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The Delinquents review - escape to the country, Buenos Aires style | reviews, news & interviews

The Delinquents review - escape to the country, Buenos Aires style

The Delinquents review - escape to the country, Buenos Aires style

Rodrigo Moreno's film has a song in its heart and its tongue in its cheek

Change of life: Daniel Elias as Moran, Margarita Molfino as Norma

This latest outing from Argentine director Rodrigo Moreno is a wry parable about escaping the urban rat-race and searching for the meaning of life, viewed through the prism of a pair of world-weary Buenos Aires bank workers. Morán (Daniel Elias) hits upon a scheme of robbing the bank, then giving himself up for what he calculates will be a three-and-a-half year jail term.

Meanwhile, his co-worker Román (Esteban Bigliardi) will hide the money until Morán gets out, whereupon they’ll divide the proceeds and live the free, liberated life they’ve long dreamed of.

There’s an element of the hippy dream about the duo, reflected in Morán’s boyish enthusiasm for the veteran rock band Pappo’s Blues, who sound like Ten Years After meets Iron Butterfly (albeit sung in Spanish). Although the film is seemingly set in the present day, or more or less, Moreno has contrived to give it an antique air.

The bank where the protagonists work (pictured above) feels creaky and run down, dependent on archaic adding machines for totting up the cash balances. The bullying, roughshod manner of bank boss Del Toro (German De Silva) would have him arrested for war crimes in our glittering new world of DEI and non-binary pronouns. Buenos Aires itself seems shabby and scuffed, despite the olde-world glamour of some of its architecture.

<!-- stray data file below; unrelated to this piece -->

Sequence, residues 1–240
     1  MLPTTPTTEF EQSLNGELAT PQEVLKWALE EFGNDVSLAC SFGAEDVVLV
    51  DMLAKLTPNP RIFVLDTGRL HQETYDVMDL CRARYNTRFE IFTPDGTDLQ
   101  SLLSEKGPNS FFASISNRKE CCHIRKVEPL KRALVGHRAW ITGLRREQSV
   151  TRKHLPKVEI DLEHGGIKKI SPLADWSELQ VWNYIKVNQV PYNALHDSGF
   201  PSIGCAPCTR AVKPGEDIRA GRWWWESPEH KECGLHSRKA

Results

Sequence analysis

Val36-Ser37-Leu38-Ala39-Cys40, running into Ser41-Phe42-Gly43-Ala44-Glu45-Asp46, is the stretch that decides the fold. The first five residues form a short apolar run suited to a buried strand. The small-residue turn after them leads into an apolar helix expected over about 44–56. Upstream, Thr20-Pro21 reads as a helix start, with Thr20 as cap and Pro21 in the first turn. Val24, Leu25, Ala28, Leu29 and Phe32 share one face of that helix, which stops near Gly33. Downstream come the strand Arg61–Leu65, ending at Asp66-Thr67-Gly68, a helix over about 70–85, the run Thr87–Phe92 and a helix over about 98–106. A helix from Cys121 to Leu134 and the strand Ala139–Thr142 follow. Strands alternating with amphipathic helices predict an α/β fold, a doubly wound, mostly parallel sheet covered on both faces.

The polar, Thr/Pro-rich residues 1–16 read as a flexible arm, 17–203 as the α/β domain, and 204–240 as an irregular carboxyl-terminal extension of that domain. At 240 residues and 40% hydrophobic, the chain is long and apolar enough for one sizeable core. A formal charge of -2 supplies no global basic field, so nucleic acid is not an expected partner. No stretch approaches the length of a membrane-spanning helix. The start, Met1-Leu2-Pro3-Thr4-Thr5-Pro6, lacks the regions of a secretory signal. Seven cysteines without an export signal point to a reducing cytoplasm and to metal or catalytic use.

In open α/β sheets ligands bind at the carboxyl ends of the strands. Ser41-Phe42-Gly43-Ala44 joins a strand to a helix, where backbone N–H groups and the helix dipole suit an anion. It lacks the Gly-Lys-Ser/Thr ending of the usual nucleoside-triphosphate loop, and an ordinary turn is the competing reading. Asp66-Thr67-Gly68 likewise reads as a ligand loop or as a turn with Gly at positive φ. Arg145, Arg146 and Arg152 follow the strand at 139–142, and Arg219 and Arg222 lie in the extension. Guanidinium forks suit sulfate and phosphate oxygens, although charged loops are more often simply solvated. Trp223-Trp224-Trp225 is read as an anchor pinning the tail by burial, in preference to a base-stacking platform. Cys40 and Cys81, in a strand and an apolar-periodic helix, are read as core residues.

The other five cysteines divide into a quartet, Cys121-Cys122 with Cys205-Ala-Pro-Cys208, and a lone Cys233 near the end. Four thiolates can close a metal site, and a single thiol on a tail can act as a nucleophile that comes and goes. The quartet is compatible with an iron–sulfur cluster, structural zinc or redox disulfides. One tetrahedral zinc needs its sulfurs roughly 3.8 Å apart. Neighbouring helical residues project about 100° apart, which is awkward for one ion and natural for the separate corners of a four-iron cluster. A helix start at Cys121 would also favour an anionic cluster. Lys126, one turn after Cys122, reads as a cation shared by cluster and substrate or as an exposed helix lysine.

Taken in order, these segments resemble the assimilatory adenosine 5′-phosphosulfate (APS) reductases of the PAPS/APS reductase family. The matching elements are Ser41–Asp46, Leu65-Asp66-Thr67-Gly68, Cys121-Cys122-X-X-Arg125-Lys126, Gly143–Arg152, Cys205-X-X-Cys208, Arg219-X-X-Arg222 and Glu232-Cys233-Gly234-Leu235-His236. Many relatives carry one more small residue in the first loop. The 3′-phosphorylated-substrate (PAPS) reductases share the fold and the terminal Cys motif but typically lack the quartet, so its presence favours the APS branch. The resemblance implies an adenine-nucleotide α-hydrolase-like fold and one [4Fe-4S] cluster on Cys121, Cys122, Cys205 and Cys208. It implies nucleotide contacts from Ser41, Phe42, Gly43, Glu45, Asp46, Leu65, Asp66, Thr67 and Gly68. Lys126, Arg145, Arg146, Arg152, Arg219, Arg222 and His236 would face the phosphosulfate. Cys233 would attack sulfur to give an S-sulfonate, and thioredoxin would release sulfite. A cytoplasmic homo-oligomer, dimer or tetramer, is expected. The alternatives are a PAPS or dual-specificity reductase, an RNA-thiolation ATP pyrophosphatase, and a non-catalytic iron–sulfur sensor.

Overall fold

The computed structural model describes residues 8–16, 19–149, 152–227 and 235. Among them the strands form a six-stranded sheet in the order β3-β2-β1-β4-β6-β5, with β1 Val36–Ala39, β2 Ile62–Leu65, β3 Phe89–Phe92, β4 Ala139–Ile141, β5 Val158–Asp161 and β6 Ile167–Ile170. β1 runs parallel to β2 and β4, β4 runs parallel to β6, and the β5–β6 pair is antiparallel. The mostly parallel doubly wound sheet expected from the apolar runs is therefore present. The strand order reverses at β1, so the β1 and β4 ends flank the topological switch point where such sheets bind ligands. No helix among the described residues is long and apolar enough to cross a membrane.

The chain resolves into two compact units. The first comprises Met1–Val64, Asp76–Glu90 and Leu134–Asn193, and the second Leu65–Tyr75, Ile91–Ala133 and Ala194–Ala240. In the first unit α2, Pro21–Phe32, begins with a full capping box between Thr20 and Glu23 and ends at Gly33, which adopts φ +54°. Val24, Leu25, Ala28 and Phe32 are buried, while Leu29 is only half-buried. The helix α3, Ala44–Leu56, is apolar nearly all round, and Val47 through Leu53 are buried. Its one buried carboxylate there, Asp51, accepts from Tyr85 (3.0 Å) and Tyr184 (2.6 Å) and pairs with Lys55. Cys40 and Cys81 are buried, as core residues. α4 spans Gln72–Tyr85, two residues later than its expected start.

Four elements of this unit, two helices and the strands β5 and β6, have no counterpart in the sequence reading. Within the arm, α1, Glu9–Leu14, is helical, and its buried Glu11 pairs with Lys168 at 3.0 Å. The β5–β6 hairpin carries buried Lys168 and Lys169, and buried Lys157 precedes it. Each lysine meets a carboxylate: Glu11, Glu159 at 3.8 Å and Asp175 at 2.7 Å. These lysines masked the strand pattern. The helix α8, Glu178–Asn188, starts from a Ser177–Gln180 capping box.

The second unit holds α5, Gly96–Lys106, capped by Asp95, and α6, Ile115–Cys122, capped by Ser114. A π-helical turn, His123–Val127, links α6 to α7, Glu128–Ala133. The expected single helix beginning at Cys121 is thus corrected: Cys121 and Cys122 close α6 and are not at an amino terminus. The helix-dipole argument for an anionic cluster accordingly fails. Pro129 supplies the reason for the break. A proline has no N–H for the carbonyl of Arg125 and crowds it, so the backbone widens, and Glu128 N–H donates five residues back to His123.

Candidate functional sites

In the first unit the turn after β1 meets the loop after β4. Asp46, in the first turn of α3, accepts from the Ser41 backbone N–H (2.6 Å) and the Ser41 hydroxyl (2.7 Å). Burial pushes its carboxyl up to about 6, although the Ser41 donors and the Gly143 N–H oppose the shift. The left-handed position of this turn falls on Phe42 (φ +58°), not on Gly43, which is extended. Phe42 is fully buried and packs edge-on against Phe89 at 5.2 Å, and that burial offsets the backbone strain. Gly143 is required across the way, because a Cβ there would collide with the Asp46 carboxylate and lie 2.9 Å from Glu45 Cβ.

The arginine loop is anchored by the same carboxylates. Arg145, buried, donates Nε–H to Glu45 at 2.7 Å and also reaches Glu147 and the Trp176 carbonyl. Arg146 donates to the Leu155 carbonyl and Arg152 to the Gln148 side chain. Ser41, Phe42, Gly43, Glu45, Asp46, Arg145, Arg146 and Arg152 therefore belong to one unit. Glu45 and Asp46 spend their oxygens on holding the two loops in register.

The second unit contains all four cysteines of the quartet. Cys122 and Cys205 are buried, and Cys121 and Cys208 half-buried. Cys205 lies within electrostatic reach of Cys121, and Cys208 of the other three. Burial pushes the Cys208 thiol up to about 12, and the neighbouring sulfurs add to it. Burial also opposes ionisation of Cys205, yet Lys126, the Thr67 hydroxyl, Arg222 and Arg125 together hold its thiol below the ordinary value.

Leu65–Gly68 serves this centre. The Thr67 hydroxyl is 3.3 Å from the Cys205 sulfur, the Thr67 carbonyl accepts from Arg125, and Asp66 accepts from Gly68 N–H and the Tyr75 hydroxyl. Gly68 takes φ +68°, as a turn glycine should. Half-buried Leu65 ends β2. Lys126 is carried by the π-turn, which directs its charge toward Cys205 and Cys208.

In many respects, The Delinquents shouldn’t really work at all. It’s over three hours long, and unwinds its uncomplicated narrative with a leisurely, insouciant air. Moreno depicts the wage-slave working lives of our anti-heroes as a soul-destroying treadmill of banality and repetition, and despite the staff’s years of dogged service to the bank, they’re all treated with hostility and suspicion after Morán’s crime has been revealed by CCTV footage. The bank calls in a particularly unpleasant investigator, Laura Ortega (Laura Peredes), to haul everyone unsparingly over the coals. Del Toro can’t prove Roman’s complicity, but declares his intention to make his life a misery (pictured below, Esteban Bigliardi as Román).

But the flipside is the sublime, mountainous Argentine countryside which represents everything that’s missing in the duo’s lives. It’s out in the unspoiled wilds of Cordoba that our boys independently get to know the freewheeling mini-commune that orbits around filmmaker Ramón (Javier Zoro). It’s basically him, Norma (Margarita Molfino) and Morna (Cecilia Rainero), plus their trusty horse Mancha. They spend much of their time out in the fields while Ramón shoots more footage for his new movie (actually he wants it to be known that he’s a video-maker, since “film as such is dead”.) This does mean there are scenes featuring Norma, Morna, Ramón, Morán and Román, which suggests that Moreno is (a) a fan of Countdown and (b) has approached his story with a song in his heart and his tongue in his cheek.

(Very) long story short, The Delinquents is about the quest rather than the destination, with the journey complicated somewhat by crossed wires and life-changing romantic interludes. But as we watch Morán riding Mancha away through lush grasslands washed by the russet light of the setting sun, with ranges of hills rolling away in shades of purple, we may even feel inclined to saddle up and follow suit.

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